NO
HERE
Home

House Rules

Tables of Organization

Vehicles and Equipment

Scenarios and Action Reports

Settings and Histories

Links

Reference Information

Articles of Interest

Gallery and Modeling

Contact and Submissions


   
Movie Review
J.R.R. Tolkien's Lord Of The Rings: Fellowship of the Ring
By Thomas Barclay


TITLE: Lord Of The Rings: The Fellowship of The Ring
AUTHOR: J.R.R. Tolkien
DIRECTOR: Peter Jackson
RELEASE DATE: Dec 2001
STUDIO: Wingnut?
WEBSITE: Official Movie Website
MOVIE TYPE: Epic Fantasy Adventure
LENGTH: 3 hours 10 minutes
ACTORS: Ian McKellen (Gandalf), Hugo Weaving (Elrond HalfElven), Liv Tyler (Arwen), Elijah Wood (Frodo Baggins), Sean Astin (Samwise Gamgee), Dominic Monaghan (Meriadoc Brandybuck), Billy Boyd (Pippin Took), John Rys-Davies (Gimli), Orlando Bloom (Legolas), Sean Bean (Boromir), Viggo Mortensen (Aragorn), Christopher Lee (Saruman), Ian Holm (Bilbo Baggins), Cate Blanchett (Galadriel)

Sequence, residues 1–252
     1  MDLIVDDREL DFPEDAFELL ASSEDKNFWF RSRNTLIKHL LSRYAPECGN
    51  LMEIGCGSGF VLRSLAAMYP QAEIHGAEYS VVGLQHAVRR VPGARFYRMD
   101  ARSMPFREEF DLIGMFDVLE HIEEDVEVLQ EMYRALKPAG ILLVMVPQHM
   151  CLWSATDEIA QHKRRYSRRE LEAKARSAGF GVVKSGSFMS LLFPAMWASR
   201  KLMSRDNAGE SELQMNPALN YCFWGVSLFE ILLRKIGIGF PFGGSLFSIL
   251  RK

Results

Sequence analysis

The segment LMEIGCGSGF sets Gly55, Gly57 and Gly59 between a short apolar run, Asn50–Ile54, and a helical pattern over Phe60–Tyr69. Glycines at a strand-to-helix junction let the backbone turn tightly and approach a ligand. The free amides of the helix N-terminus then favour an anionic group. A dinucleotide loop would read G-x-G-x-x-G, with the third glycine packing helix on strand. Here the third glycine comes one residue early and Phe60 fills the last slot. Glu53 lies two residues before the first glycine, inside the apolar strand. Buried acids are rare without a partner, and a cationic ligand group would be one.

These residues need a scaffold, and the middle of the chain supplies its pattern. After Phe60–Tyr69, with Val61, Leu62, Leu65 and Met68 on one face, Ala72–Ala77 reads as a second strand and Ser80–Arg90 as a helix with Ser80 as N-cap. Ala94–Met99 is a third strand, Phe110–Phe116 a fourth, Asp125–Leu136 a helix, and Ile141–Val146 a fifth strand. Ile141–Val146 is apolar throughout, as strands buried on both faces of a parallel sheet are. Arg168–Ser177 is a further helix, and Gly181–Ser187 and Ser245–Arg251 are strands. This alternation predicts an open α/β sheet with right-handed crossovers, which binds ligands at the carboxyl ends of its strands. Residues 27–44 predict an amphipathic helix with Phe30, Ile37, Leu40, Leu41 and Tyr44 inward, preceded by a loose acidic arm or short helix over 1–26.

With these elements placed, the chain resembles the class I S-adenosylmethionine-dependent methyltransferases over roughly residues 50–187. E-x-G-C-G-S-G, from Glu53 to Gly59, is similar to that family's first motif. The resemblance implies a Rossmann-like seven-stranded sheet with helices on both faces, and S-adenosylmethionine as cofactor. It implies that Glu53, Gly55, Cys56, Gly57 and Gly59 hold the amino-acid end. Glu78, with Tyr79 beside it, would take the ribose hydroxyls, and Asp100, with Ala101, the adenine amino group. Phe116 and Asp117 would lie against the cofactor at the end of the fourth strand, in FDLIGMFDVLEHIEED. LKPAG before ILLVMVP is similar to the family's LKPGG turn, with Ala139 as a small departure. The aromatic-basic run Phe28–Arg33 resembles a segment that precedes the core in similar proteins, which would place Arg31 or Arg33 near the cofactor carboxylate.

Review Back to Top

Probably the grandaddy of all modern fantasy novels, the trilogy Lord of the Rings by J.R.R. Tolkien. If you haven't read the books - STOP RIGHT NOW AND GO HERE, BUY THEM, READ THEM- and then carry on reading this review or go to see the movie. I'm going to make a reference or two to things from the book and, although you don't need to read the books before seeing the movie (they explain some of the basics), the book will provide subtext and context beyond what the movie can do even in 3 hours.

WARNING! WARNING! THIS REVIEW MAY CONTAIN SPOILERS! The books are published. It isn't like the plot is a secret. The design is publicly known, only the implementation detail is novel.

Now, to business!

The first thing to mention is that Orcs, Dwarves, Hobbits, and the like don't exist in the real world. To find three feet tall people with fuzzy feet, six and a half foot tall people with pointy ears, and short gruff individuals that are 4 feet tall but built to last.... these aren't simple feats. We haven't reached the realm of the purely computer generated movie yet (at least, not ubiquitously... Final Fantasy: Spirits Within, Shrek, Toy Story I and II, Bug's Life and Ants are the thin-edge of this wedge). But LOTR:FOR, though it does make extensive use of CGI, is confronted with the task of making real people look somewhat like these races, at least enough to calm the more moderate Tolkien-o-philes.